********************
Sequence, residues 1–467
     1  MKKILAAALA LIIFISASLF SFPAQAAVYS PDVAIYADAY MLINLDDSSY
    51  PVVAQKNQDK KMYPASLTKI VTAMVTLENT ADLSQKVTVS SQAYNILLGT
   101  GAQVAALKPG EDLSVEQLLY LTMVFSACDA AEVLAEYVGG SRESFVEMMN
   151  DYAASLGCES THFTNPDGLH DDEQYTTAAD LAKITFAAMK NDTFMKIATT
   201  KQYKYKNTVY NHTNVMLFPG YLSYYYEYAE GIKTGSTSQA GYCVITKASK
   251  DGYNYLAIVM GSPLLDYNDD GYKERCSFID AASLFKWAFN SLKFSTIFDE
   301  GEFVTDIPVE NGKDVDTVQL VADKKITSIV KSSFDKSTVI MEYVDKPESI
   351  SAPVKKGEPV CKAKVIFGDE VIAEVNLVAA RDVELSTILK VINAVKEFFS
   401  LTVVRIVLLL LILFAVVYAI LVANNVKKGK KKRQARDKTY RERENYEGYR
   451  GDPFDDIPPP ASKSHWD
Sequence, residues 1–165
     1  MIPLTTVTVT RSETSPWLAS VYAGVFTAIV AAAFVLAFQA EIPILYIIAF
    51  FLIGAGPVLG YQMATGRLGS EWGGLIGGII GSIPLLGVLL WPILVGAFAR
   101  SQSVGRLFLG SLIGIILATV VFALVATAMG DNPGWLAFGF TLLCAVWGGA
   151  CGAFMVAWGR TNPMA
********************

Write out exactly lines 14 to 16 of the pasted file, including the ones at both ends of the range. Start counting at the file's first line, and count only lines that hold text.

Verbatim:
    51  FLIGAGPVLG YQMATGRLGS EWGGLIGGII GSIPLLGVLL WPILVGAFAR
   101  SQSVGRLFLG SLIGIILATV VFALVATAMG DNPGWLAFGF TLLCAVWGGA
   151  CGAFMVAWGR TNPMA